With high corporate profits and cash on hand, and near record-low dividend payout ratios, many investors are wondering if they should take the cash or reinvest it. The question is, does dividend reinvesting help or hurt portfolio performance when regularly rebalancing portfolios? And how will dividend reinvesting affect diversification, costs, and taxes?
The primary reason to reinvest dividends is to buy more shares and build wealth over the long term. According to Hartford Funds, the average dividend payout ratio over the past 96 years has been 56.3%; as of December 31, 2022, the payout ratio stood at just 37.1%—leaving plenty of room for growth.
Portfolio rebalancing involves reducing risk by adjusting asset allocation, while also considering the client’s underlying objectives and preferences. Here are a few key considerations for navigating dividend reinvesting and rebalancing.
Comfort from volatility
As uncertainty at home and abroad churns the financial markets, income-minded investors seeking protection from market volatility may find dividend-paying stocks attractive and stake a place for them in their equity portfolios. Dividend-paying stocks can potentially provide investors with current income regardless of market conditions by mitigating portfolio losses when stock prices decline.
One of the best ways to keep portfolio management costs under control is to rebalance with cash from dividends, interest payments, and realized capital gains. Not only can it help satisfy a client’s rebalancing needs, but it’s also especially effective for taxable portfolios. Rather than clients paying taxes on withdrawn earnings, they can simply redirect those funds to underweighted asset classes.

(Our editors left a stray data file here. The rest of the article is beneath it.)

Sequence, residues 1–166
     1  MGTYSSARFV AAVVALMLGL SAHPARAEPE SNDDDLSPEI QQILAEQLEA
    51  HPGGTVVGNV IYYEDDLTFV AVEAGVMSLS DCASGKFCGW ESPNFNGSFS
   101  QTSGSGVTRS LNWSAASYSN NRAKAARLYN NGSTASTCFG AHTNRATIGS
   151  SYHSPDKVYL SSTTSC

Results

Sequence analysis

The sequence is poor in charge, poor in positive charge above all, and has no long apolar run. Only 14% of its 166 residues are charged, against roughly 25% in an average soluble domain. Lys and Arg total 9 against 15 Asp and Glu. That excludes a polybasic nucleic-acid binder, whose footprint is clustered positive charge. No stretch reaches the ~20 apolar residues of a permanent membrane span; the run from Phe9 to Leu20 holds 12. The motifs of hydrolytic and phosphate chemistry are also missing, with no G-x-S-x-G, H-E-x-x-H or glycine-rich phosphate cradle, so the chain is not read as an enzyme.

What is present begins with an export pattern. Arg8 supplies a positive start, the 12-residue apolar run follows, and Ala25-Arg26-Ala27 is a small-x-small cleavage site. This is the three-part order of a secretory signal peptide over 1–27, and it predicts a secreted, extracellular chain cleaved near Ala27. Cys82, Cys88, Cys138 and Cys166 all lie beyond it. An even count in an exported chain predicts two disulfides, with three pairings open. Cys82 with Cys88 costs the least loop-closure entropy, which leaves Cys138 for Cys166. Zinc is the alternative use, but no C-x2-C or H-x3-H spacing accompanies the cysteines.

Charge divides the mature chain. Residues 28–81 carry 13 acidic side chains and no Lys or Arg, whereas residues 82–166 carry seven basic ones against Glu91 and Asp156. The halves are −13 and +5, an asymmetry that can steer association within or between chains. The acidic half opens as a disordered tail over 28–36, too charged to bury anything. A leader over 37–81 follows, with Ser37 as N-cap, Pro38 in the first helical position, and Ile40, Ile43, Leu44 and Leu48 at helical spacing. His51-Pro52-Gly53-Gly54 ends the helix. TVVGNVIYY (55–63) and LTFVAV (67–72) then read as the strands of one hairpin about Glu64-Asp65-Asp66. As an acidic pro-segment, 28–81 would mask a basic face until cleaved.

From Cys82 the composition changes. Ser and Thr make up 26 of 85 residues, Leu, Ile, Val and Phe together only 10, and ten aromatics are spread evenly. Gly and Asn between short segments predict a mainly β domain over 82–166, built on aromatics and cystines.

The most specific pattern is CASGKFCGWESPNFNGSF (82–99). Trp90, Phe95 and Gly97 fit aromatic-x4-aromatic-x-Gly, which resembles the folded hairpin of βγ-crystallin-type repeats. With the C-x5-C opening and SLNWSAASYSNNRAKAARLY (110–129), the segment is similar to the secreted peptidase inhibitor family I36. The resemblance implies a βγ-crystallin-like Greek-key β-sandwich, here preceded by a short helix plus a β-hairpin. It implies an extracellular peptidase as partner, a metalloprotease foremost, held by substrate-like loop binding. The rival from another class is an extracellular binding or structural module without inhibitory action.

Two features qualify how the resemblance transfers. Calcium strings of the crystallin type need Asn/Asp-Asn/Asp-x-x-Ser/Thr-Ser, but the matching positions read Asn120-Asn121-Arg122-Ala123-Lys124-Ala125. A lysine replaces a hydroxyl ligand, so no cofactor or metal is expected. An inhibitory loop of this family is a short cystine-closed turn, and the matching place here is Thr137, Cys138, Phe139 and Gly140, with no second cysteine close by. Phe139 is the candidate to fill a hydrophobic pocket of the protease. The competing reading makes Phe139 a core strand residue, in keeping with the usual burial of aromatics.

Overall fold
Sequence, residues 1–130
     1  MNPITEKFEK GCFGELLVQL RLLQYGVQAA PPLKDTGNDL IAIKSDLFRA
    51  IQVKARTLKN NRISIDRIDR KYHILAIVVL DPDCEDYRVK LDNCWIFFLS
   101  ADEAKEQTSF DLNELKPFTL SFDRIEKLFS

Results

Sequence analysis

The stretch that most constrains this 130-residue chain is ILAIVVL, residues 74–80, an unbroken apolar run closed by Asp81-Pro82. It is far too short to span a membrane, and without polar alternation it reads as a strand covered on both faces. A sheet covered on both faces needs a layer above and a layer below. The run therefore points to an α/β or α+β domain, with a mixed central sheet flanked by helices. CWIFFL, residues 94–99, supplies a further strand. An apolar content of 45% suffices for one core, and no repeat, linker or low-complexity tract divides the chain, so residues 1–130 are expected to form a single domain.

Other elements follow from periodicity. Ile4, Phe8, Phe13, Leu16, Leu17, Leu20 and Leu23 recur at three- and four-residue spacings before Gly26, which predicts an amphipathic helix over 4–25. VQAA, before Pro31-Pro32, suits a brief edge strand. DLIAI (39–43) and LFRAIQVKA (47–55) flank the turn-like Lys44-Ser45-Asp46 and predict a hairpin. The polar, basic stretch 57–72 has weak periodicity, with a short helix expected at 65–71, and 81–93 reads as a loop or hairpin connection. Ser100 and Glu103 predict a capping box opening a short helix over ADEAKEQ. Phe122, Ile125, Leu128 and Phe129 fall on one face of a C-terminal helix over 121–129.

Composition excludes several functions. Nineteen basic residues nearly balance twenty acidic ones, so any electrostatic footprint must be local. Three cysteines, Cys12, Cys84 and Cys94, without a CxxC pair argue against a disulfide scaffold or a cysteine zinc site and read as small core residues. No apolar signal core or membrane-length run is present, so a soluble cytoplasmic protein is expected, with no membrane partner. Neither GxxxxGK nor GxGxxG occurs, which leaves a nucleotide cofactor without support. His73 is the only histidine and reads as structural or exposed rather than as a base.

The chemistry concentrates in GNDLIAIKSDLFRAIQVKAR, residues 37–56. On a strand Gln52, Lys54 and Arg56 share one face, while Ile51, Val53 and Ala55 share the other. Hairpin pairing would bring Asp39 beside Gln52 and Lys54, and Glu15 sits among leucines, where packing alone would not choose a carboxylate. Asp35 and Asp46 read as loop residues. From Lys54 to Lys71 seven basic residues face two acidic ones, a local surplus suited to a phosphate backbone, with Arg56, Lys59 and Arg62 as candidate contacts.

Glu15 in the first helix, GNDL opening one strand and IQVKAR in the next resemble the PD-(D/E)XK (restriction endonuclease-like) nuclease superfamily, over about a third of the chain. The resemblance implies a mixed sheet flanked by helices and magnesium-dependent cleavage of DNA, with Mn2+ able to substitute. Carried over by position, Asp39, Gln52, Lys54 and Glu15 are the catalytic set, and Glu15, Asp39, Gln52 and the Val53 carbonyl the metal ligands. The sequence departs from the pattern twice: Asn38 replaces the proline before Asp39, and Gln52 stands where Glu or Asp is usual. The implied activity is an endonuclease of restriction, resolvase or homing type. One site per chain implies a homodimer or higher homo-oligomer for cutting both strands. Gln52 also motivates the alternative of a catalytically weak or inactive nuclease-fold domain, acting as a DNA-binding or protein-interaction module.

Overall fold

To implement a rebalancing strategy effectively, it is advisable to use a tax-advantaged or tax-free account. This typically involves holding a combination of assets in taxable and tax-free accounts, which increases the likelihood of making significant adjustments within the tax-advantaged accounts. If the overall portfolio deviates from its target allocation, you may consider adjusting in a retirement account.
Potential tax savings
Dividends benefit from potentially favorable tax treatment. Most taxpayers are subject to a top federal tax rate of only 15% on qualified dividends, although certain high-income taxpayers may pay up to 23.8%. However, this is still lower than the current 37% top rate on ordinary income.
Re-directing cash flows
With taxable accounts, one way to rebalance is by directing reinvested distributions into underweighted asset classes. For example, when a portfolio allocation has drifted beyond the plan’s target allocation threshold, it might make sense to reinvest dividends to the underweighted side until the portfolio is back at the target allocation. On the other hand, it may be wise to withdraw funds from an asset class that is overweighted.
For clients taking the required minimum distribution from their retirement accounts, but who don’t need the distribution for daily living expenses, those assets can also be reinvested to increase the allocations to an underweighted asset class in non-retirement accounts.